I’m not trying to make the case that the Indians are on course for a World Series championship. I’m not even arguing that they have the AL Central locked up. But I can guarantee you that teams like the Texas Rangers, New York Yankees, and Boston Red Sox are taking the Indians seriously, and the White Sox, Twins, Tigers and Royals are taking the Indians VERY seriously.

If the other teams in the league are putting stock in the performance of teams like the Cleveland Indians, shouldn’t that be good enough for Jayson Stark and company?

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The Criminals in College Sports Debate Verdict

March 29, 2011

Read the opposing arguments from Loyal Homer and Sports Geek.

 

I must give my colleagues, Sports Geek and Loyal Homer, credit. After two years of working together, debating all the biggest issues in sports, they managed to bring out yet another first in TSD history!

For the first time ever, I actually disagree with BOTH arguments (well, at least partly).

The question was to debate whether or not coaches and universities should look into juvenile records before deciding which recruits to extend scholarship offers to. Both Sports Geek and Loyal Homer, although arguing for very different causes, essentially raised the same point – that character matters in sports.

According to Sports Geek, character matters in the sense that it helps people to gain experience. To Sports Geek, growth and second chances for everyone, not just athletes, to make us all better people. Past mistakes do not always serve as an indicator for future actions, though, and so Sports Geek feels that they should not be held against the children (that, after all, is what they are) who commit them.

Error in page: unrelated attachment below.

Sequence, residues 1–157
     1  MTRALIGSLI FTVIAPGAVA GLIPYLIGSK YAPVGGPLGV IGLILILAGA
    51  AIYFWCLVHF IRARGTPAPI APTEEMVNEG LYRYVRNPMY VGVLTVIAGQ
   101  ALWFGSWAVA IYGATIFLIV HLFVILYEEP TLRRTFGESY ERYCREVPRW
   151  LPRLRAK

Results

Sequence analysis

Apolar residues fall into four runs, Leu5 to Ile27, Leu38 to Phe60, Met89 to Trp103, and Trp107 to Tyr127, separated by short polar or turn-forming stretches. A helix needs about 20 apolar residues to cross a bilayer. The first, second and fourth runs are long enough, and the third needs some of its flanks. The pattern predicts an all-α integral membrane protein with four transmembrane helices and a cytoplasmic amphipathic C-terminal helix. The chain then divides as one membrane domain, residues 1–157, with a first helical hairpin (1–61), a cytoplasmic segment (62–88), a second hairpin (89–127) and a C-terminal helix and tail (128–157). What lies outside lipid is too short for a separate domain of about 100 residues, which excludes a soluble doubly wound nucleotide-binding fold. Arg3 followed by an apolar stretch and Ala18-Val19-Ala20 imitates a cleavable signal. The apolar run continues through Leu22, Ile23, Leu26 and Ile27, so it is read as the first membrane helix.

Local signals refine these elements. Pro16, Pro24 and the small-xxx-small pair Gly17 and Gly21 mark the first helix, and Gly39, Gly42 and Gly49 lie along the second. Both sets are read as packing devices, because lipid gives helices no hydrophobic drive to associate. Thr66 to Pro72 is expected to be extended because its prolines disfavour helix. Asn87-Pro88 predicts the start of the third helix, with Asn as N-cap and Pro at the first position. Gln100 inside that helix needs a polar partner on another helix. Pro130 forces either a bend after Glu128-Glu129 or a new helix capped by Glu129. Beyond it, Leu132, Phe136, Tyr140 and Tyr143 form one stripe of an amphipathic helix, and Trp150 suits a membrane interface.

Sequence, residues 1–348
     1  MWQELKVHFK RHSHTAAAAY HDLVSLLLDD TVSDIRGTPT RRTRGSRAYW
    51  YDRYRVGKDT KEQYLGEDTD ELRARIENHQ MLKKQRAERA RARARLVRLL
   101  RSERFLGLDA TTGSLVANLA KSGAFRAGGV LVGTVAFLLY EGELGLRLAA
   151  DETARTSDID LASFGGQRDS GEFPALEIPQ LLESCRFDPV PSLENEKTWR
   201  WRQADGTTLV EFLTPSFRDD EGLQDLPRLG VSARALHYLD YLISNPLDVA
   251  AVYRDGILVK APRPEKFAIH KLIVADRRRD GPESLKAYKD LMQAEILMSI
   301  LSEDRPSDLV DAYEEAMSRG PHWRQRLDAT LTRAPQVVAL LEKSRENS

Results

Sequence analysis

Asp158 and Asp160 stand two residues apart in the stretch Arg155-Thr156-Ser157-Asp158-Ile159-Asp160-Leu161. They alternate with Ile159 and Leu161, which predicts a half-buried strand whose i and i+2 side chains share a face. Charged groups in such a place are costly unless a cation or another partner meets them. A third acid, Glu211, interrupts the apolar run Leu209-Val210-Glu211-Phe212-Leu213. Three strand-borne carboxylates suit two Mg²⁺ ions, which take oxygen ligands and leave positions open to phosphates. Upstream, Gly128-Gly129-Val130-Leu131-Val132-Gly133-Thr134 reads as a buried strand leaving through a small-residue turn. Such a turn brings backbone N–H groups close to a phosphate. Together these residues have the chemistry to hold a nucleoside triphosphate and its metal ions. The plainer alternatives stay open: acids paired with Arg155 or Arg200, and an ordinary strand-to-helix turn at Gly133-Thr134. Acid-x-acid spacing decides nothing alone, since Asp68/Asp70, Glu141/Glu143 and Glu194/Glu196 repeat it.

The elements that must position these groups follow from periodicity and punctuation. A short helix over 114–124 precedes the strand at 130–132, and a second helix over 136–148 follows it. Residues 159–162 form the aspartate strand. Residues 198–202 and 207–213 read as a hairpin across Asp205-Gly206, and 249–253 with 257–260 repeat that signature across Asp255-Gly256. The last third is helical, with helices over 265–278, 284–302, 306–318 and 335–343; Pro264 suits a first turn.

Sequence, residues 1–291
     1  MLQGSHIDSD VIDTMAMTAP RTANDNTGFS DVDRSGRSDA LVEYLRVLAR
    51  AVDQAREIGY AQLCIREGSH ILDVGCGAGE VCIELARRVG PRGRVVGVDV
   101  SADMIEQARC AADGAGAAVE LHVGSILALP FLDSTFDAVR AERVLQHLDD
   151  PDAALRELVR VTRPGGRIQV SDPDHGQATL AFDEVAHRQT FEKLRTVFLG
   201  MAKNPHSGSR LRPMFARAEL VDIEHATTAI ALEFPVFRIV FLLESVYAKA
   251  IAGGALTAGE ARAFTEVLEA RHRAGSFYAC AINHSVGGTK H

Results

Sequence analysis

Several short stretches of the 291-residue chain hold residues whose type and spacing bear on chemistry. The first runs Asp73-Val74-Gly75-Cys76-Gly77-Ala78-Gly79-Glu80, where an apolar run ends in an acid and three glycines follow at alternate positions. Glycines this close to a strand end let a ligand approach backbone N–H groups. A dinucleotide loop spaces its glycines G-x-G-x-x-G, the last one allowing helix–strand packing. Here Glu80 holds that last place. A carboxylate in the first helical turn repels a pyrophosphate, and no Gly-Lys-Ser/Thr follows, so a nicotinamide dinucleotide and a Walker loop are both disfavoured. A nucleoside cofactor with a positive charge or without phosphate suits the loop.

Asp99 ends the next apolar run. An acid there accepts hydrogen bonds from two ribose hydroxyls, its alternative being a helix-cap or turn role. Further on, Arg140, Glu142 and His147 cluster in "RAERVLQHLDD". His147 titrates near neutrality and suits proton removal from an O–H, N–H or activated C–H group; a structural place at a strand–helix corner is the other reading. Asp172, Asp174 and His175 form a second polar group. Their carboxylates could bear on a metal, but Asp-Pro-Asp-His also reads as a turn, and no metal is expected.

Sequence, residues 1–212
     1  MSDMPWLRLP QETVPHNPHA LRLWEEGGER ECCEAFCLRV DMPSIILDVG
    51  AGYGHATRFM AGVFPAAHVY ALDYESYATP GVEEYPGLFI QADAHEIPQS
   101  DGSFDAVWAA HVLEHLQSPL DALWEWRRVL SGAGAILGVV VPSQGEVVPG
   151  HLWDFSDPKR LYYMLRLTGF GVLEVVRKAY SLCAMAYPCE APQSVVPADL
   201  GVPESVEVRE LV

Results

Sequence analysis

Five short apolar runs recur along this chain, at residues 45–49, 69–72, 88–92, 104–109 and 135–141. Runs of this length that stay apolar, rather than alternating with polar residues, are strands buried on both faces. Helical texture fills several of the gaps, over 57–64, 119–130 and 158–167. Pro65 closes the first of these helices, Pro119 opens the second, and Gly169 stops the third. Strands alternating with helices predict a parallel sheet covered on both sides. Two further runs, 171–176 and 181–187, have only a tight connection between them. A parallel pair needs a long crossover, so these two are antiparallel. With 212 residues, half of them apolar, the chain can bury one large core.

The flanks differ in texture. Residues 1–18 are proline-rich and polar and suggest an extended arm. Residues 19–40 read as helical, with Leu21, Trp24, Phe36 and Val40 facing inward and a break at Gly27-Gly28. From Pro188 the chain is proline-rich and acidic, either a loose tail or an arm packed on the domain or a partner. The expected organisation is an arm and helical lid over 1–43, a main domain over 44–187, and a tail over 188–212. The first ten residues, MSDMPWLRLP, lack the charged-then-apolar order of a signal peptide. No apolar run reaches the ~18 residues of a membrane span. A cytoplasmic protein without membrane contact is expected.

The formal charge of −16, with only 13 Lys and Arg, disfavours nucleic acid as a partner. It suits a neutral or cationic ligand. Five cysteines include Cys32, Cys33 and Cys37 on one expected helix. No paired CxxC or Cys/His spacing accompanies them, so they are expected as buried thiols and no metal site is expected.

On the other hand, Loyal Homer argues that character matters, which is precisely why college sports need to clean up their act. Too much is forgiven in sports, and it is tarnishing the reputation of what is supposed to be honest and fair play among student athletes. Instead, we hear more and more about Player ‘X’ from university ‘Y’ and their escapades that resulted in someone getting arrested, or worse, hurt.

But as I said, I disagree with both of them – Character does NOT matter in sports.

We like to SAY that character matters in sports, and realistically, it SHOULD matter in sports, but it is time for us all to stop perpetuating the lie.

We don’t care about character in our athletes at all. We want our athletes to win, and that’s it. We as a fan base may curse athletes who commit some act of moral or criminal wrongdoing. But then we conveniently turn that ire off when the player brings greater success to our team.

It is true that the Florida Gators had a plethora of criminal charges stocking their active roster for the past five football seasons. But they also have two National Championships during that stretch. What do you think Gator fans care about? Would any of them trade in even one of those two National Championships to clear the names of their beloved team’s roster? Hardly.